Gramenzi A, Andreone P, Loggi E, Foschi FG, Cursaro C, Margotti M, et al. Cytokine profile of peripheral blood mononuclear cells from patients with different outcomes of hepatitis C virus infection. J Viral Hepat. 2005;12(5):525–30.
Reiser M, Marousis CG, Nelson DR, Lauer G, González-Peralta RP, Davis GL, et al. Serum interleukin 4 and interleukin 10 levels in patients with chronic hepatitis C virus infection. J Hepatol. 1997;26(3):471–8.
Zeremski M, Petrovic LM, Chiriboga L, Brown QB, Yee HT, Kinkhabwala M, et al. Intrahepatic levels of CXCR3-associated chemokines correlate with liver inflammation and fibrosis in chronic hepatitis C. Hepatology. 2008;48(5):1440–50.
Apolinario A, Majano PL, Alvarez-Perez E, Saez A, Lozano C, Vargas J, et al. Increased expression of T cell chemokines and their receptors in chronic hepatitis C: relationship with the histological activity of liver disease. Am J Gastroenterol. 2002;97(11):2861–70.
Helbig KJ, Ruszkiewicz A, Semendric L, Harley HAJ, McColl SR, Beard MR. Expression of the CXCR3 ligand I-TAC by hepatocytes in chronic hepatitis C and its correlation with hepatic inflammation. Hepatology. 2004;39(5):1220–9.
Selvarajah S, Keating S, Heitman J, Lu K, Simmons G, Norris PJ, et al. Detection of host immune responses in acute phase sera of spontaneous resolution versus persistent hepatitis C virus infection. J Gen Virol. 2012;93(Pt 8):1673–9.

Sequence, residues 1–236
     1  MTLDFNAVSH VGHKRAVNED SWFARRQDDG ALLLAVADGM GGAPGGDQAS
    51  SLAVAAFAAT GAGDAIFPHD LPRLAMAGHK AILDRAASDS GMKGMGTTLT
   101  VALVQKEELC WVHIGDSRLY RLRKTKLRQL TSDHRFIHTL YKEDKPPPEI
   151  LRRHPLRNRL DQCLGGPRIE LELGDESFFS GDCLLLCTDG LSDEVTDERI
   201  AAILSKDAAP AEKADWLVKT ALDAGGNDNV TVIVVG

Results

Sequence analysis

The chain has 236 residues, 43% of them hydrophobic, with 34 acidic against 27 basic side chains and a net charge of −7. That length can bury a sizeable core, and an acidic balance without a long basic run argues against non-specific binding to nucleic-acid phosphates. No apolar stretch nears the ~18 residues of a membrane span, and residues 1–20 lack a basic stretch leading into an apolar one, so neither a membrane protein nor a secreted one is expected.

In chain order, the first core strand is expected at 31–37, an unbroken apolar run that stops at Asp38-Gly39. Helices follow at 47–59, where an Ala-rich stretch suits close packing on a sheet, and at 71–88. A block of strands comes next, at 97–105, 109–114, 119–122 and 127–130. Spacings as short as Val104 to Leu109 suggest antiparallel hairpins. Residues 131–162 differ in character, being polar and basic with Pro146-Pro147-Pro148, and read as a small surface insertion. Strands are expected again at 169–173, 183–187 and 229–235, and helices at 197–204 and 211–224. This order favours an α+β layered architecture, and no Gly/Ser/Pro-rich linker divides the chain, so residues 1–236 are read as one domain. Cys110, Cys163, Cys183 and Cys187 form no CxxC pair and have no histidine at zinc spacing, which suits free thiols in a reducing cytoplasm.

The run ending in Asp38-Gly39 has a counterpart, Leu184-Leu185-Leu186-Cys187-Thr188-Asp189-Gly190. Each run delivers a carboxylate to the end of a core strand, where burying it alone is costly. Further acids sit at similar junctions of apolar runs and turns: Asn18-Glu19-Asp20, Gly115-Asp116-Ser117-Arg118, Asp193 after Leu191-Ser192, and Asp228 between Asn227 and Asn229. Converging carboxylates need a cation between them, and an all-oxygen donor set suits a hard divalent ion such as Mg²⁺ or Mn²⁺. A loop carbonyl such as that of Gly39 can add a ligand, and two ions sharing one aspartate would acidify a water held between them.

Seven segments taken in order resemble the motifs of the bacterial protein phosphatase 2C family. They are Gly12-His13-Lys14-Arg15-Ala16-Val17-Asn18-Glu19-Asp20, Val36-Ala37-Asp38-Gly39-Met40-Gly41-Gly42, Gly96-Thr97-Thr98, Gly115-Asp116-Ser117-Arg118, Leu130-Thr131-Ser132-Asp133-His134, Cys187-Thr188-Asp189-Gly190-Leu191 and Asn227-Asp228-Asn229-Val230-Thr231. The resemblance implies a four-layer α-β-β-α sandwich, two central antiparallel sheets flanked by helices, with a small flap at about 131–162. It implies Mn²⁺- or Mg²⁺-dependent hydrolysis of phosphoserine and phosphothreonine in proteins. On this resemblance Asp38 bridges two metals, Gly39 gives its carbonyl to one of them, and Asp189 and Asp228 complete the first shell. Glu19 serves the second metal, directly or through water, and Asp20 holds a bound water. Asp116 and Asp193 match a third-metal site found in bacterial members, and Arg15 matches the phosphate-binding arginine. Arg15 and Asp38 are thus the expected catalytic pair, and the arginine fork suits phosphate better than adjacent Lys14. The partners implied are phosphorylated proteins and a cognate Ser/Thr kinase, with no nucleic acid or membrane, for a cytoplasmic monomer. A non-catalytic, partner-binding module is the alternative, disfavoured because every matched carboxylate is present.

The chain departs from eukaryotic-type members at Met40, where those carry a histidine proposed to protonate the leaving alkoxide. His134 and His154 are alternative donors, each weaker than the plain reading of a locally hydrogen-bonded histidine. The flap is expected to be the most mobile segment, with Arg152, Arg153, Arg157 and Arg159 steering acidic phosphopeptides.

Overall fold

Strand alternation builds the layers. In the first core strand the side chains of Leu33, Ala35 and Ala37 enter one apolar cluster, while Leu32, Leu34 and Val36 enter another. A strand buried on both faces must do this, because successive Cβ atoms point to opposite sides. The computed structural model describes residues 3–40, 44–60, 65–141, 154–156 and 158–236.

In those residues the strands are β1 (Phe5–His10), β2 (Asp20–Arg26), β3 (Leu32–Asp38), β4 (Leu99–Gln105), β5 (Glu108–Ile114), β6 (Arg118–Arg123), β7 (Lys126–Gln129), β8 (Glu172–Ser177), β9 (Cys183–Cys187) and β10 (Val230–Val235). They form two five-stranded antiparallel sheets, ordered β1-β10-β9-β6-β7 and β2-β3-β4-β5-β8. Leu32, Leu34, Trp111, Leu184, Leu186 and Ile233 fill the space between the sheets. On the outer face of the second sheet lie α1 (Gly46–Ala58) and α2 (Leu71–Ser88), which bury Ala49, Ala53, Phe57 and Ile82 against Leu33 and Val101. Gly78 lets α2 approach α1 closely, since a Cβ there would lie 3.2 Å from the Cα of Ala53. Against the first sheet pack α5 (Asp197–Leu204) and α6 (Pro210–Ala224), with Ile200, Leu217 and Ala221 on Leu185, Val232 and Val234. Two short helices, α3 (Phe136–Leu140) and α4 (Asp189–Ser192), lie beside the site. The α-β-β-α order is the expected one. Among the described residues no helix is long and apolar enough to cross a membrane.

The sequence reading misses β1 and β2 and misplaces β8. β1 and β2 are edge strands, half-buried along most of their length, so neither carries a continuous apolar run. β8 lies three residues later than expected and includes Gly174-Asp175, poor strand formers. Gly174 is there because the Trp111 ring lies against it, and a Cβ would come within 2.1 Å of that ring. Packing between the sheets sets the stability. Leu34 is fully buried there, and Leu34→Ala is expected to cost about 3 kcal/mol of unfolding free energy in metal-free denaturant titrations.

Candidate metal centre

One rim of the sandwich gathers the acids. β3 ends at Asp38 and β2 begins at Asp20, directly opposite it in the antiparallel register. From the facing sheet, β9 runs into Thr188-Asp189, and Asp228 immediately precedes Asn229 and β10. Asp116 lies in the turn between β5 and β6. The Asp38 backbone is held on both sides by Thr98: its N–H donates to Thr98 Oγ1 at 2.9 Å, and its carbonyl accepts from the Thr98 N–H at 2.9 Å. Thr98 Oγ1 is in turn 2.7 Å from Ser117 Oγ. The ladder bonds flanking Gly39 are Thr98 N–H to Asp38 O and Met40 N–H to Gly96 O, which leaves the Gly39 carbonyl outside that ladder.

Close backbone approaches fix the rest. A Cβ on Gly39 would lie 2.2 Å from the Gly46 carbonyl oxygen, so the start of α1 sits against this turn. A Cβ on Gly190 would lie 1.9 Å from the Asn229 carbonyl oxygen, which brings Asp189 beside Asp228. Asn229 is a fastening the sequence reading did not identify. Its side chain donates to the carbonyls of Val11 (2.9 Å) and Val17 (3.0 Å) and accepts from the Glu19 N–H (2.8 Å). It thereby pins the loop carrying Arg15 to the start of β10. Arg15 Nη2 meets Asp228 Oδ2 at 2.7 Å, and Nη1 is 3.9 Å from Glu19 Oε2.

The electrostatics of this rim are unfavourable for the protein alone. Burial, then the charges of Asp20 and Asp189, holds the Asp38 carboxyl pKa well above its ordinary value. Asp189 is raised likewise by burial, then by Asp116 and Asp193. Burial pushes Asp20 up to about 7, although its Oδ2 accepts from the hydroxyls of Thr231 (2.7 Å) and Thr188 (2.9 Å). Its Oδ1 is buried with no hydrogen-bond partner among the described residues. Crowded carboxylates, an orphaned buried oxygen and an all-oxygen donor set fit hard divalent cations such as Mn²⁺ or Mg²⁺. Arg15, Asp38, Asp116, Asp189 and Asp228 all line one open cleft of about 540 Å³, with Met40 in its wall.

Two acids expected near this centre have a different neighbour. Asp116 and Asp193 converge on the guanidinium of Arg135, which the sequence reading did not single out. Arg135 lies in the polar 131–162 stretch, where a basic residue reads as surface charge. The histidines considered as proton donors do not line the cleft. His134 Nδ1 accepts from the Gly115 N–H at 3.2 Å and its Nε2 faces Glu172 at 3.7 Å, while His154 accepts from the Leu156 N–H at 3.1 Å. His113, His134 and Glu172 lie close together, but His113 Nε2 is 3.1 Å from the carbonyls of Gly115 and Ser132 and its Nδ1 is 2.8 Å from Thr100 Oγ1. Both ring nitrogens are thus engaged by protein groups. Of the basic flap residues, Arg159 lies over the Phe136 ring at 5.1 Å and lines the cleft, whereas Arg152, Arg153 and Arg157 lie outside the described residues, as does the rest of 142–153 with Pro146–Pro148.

Stacey AR, Norris PJ, Qin L, Haygreen EA, Taylor E, Heitman J, et al. Induction of a Striking Systemic Cytokine Cascade prior to Peak Viremia in Acute Human Immunodeficiency Virus Type 1 Infection, in Contrast to More Modest and Delayed Responses in Acute Hepatitis B and C Virus Infections. J Virol. 2009;83(8):3719–33.
Zeremski M, Hooker G, Shu MA, Winkelstein E, Brown Q, Des Jarlais DC, et al. Induction of CXCR3- and CCR5-associated chemokines during acute hepatitis C virus infection. J Hepatol. 2011;55:3.
Flynn JK, Dore GJ, Hellard M, Yeung B, Rawlinson WD, White PA, et al. Early IL-10 predominant responses are associated with progression to chronic hepatitis C virus infection in injecting drug users. J Viral Hepat. 2011;18(8):549–61.
Groom JR, Luster AD. CXCR3 in T cell function. Exp Cell Res. 2011;317(5):620–31.
Bowen DG, Walker CM. Adaptive immune responses in acute and chronic hepatitis C virus infection. Nature. 2005;436(7053):946–52.
Bertoletti A, Maini MK. Protection or damage: a dual role for the virus-specific cytotoxic T lymphocyte response in hepatitis B and C infection? Curr Opin Immunol. 2000;12(4):403–8.
Beinhardt S, Aberle JH, Strasser M, Dulic–Lakovic E, Maieron A, Kreil A, et al. Serum Level of IP-10 Increases Predictive Value of IL28B Polymorphisms for Spontaneous Clearance of Acute HCV Infection. Gastroenterology. 2012;142(1):78–85.e2.
Grebely J, Feld JJ, Applegate T, Matthews GV, Hellard M, Sherker A, et al. Plasma interferon-gamma-inducible protein-10 (IP-10) levels during acute hepatitis C virus infection. Hepatology. 2013;57:2124–34.
Diago M, Castellano G, García-Samaniego J, Pérez C, Fernández I, Romero M, et al. Association of pretreatment serum interferon γ inducible protein 10 levels with sustained virological response to peginterferon plus ribavirin therapy in genotype 1 infected patients with chronic hepatitis C. Gut. 2006;55(3):374–9.